An essential component of modern marketing analysis is the ability to shorten the sales cycle without having to put in an overload of upfront resources. With a shorter cycle in place, a company has much more time to create good leads for itself. Over time, this means better revenues and the opportunity to grow the business.

But who says a shorter customer journey means more sales? Let’s take a look at what happens when companies prioritize this to see if it really helps the bottom line.

Improving Clarity in the Target Audience

Companies that understand who they are selling to generally sell more, right? Right. Doesn’t a longer sales cycle mean more time to familiarize yourself with a customer?

Well, you have more time, but you will probably not end up knowing that customer better. Why? A longer sales cycle only helps to introduce more noise into the conversation between you and your customer. This is a natural occurrence when a business cycle is lengthened. Don’t make the mistake of thinking that you need a long time to make a sale.

Filtering Out Cold Leads

Even the best businesses will only convert a maximum of 5% of the people who come to their websites. Lengthening the sales cycle only increases the amount of time that you have to spend with the other 95%. These are people who have no intention of buying from you – ever. There’s nothing that you can do about it.

Shortening the sales cycle filters out all of these cold leads. When this happens, you can focus your full attention on the 5% who are actually looking to do business with you.

Giving Your Buyers More Information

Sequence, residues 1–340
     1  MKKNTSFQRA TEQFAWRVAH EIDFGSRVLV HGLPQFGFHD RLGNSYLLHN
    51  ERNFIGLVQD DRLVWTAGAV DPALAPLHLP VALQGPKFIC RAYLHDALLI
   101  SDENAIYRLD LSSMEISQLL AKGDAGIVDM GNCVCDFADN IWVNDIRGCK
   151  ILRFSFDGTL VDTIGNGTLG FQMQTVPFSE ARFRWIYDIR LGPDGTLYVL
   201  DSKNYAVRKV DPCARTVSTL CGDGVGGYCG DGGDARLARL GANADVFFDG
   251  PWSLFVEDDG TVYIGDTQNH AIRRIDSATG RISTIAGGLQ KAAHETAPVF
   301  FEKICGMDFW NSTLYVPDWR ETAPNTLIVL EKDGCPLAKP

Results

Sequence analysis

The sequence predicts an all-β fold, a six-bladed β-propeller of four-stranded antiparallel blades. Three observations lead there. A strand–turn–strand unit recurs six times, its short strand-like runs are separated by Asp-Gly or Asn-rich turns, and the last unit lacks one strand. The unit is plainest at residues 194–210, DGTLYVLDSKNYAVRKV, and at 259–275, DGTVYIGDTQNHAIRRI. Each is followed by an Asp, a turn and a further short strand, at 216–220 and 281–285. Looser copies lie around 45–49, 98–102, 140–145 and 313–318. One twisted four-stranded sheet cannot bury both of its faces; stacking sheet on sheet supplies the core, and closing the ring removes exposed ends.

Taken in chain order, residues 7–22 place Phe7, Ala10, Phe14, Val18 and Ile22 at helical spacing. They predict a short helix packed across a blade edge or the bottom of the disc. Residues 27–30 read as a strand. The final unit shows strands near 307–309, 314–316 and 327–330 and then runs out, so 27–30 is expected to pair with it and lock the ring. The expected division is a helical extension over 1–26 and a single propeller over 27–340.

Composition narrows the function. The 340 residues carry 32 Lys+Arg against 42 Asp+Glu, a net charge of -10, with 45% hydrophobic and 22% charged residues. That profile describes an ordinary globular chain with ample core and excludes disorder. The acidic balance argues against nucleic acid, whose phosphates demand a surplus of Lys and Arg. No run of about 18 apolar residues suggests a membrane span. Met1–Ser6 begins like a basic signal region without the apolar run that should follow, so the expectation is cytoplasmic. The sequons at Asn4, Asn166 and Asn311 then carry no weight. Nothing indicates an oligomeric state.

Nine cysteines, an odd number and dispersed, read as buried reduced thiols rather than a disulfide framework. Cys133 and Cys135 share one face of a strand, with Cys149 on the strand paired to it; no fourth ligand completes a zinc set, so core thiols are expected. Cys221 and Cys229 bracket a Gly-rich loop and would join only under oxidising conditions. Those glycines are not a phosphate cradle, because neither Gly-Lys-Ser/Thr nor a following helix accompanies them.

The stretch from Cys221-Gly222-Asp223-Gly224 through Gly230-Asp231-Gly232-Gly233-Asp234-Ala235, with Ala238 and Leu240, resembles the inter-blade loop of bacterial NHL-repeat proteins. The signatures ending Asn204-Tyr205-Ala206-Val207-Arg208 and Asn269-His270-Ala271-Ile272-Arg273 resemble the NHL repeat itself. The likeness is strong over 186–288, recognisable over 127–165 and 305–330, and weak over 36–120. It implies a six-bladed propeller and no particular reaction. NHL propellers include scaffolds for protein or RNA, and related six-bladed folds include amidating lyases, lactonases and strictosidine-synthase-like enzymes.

Can you fit more information into a shorter sales cycle? Absolutely. Why? You are cutting down on the number of people that you are communicating with. Not only does this let you focus on a less diverse set of personalities, but it lets you give those select few more information about you.

Think about the ongoing argument about school class sizes. No one says that a bigger class lets more children learn. Parents fight for small class sizes because they know the teacher will be able to give more information to each child in that space! The same goes for business. Shorter customer journeys and less people means more information per person!

Aligning Sales with the Customer Journey

Your salespeople are only human. They lose focus over long stretches just like anyone would. This is bad news when you are trying to attract customers and keep their attention. You have to be on your toes at all times for them to view you as a leader.

The shorter your sales cycle, the better your salespeople usually perform. If they see a light at the end of the rainbow (they make the sale after 3 days instead of no sale after 15 days), they are more likely to stay involved in the process. Motivated salespeople are central to your bottom line, so do everything you can to shorten the customer journey for them, not just your customers.

There you have it. A shorter customer journey actually has many advantages, and not all of them actually center around the customer. Do everything possible to cut all of the noise out of the fray when constructing this journey, and you will certainly have an opportunity for a bigger bottom line and less stress getting there!

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